“…characterised by the supremacy of the reasoning and judging functions.”
but is yet
“…influenced in almost equal degree by unconscious irrationality.”
From the outside, with no consideration of “unconscious manifestations” this type may in fact appear more irrational than most.
“…the case with the psychologies of both Freud and Adler. The individual is completely at the mercy of the judging observer, which can never be the case when the conscious psychology of the observed is accepted as a basis. He afterall is the only competent judge, since he alone knows his conscious motives.”
Here Jung lays down the reason (or one of them) for this split with Freud, the split itself seemingly focussed around Jung’s insistance upon the importance of individual subjectivity and Freud declaring that such a perspective was not valid, was meaningless as it belonged to the realm of the sub-conscious (Jung uses the term unconscious to highlight its importance, that it wasn’t merely a sub-set of consciousness as Freud declared).
Of course Freud would say that. Dude wanted to kill his father and sleep with his mother and he found the idea abhorrent. It was only by projecting this desire onto everybody else (the Oedipus complex) that Freud was able to deal with it.
“…life in both these types [reasoning/judging] involves a deliberate exclusion of everything irrational and accidental… a force that coerces the untidiness and fortuitousness of life into a definite pattern, or at least tries to do so… restriction of sensations and intuitions is not absolute… but their products are subject to the voice made my rational judgement.”
“For them nothing is rational save what is generally considered as such. Reason, however, is in large part subjective and individual. In our types this part is repressed… Both the subject and his subjective reason, therefore, are in constant danger of repression…” at the whims of ‘objectivity’ and the object “…and when they succumb to it they fall under the tyranny of the unconscious, which in this case possesses very unpleasant qualities… primitive sensations that express themselves compulsively, for instance in the form of compulsive pleasure-seeking in every conceivable form; there are also primitive intuitions… everything sniffed out and suspected, in most cases it is a half truth calculated to provoke misunderstandings of the most poisonous kind… the individual becomes the victim of chance happenings, which exercise a compulsive influence over him either because they pander to his sensations or because he intuits their unconscious significance.”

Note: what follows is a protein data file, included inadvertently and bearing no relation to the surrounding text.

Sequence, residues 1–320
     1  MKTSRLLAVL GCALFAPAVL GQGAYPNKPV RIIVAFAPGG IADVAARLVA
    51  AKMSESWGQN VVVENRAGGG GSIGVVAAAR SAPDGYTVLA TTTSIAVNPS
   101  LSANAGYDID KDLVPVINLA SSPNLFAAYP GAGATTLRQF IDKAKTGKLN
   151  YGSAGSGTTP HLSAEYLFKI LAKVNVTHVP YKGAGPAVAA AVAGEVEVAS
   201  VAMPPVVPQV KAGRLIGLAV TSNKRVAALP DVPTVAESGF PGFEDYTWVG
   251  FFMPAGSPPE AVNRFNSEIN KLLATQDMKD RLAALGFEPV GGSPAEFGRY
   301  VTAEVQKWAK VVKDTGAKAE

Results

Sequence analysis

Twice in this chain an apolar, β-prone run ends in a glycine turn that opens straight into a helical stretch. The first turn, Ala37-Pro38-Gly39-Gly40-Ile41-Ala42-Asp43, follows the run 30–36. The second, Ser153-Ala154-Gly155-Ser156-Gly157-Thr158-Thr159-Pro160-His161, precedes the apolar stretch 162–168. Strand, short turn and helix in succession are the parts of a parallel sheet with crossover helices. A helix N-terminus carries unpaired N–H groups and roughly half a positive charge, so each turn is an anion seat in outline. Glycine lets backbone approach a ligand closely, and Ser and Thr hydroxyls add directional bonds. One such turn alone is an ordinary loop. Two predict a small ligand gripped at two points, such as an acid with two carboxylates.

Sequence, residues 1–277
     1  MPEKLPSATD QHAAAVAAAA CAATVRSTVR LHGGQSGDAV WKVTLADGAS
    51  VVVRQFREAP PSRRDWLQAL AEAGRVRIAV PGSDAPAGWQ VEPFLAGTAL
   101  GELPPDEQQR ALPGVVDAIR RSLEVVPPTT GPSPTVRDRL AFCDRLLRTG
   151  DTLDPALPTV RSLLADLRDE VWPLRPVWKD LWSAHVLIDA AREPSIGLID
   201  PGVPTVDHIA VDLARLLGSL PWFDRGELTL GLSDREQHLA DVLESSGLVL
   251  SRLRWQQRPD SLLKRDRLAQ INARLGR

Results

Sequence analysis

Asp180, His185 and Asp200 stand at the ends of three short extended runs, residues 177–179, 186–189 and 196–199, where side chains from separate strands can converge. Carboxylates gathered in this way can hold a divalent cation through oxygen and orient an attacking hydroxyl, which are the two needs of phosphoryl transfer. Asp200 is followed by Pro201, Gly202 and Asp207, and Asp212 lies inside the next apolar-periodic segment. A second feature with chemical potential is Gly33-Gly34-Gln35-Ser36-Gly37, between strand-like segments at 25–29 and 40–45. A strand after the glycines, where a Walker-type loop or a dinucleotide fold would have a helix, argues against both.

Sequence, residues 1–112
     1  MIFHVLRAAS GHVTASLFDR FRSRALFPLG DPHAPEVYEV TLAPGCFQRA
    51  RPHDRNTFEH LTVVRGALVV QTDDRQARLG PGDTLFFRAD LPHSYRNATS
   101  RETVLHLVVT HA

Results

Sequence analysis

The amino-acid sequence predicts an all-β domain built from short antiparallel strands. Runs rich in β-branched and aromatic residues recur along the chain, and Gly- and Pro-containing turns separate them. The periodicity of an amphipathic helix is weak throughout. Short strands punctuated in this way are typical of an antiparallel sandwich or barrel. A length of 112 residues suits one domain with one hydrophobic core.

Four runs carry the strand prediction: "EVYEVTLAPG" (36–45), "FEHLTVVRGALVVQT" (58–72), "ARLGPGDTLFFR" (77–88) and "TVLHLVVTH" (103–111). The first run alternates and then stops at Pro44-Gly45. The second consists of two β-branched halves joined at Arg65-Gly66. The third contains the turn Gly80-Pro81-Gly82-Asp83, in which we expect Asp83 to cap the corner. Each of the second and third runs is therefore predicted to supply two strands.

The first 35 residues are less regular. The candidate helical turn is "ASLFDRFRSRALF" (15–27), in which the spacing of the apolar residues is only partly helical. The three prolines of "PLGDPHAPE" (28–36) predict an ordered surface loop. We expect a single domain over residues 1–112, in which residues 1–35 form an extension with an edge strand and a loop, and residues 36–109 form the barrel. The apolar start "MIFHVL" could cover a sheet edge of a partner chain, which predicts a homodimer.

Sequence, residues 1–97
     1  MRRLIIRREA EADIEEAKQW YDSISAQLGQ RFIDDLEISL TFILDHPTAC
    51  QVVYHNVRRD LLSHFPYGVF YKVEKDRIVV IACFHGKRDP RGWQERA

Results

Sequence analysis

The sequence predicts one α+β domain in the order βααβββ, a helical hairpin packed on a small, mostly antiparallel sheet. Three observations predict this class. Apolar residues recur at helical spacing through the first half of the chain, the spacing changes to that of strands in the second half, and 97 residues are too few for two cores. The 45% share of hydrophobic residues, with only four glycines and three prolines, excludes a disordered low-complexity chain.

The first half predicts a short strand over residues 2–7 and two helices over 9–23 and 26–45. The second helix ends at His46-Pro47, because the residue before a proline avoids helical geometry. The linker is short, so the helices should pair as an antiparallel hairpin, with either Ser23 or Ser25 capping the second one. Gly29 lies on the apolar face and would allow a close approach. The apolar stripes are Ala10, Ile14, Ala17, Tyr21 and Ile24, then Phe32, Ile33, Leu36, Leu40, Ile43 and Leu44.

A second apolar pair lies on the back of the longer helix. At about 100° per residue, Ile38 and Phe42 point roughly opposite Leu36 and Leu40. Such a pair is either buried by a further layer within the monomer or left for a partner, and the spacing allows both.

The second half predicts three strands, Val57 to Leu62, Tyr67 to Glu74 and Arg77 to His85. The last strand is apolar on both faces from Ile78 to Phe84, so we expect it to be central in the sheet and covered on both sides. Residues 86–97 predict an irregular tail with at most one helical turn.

Rationality then is handed down via consensus; What has been called Consensus Reality. What the majority agree, either consciously or unconsciously, to be reality. This world view, however, does not take into account either subjectivity or the unconscious. What i think Jung is saying here is that when you ignore subjectivity and and unconscious you can become enslaved by them. This enslavement takes place through the lens of ‘rationality’. When you ignore sensations and intuition then intuition and sensation present themselves to the conscious mind as in fact being rational thoughts. This is of course posited on the fact that the mind in question is lacking equilibrium. When everything is running smoothly everything is cool.
This type brings to mind the ‘character’ of the paranoid conspiracy nut – everything he does and thinks/feels he considers in the upmost as Rational. He checks constantly to see if anyone is following him because it is reasonable for him to assume somebody is because of what he knows or at least thinks he knows. You could have a lot of fun with this type in a narrative watching their sense of reason and logic eeat them alive. In fact I would argue that many a screenplay/novel turns on this idea of a protagonist’s rational world view being turned on its head. The idea of this reversal is a strong impetus for the dramatic.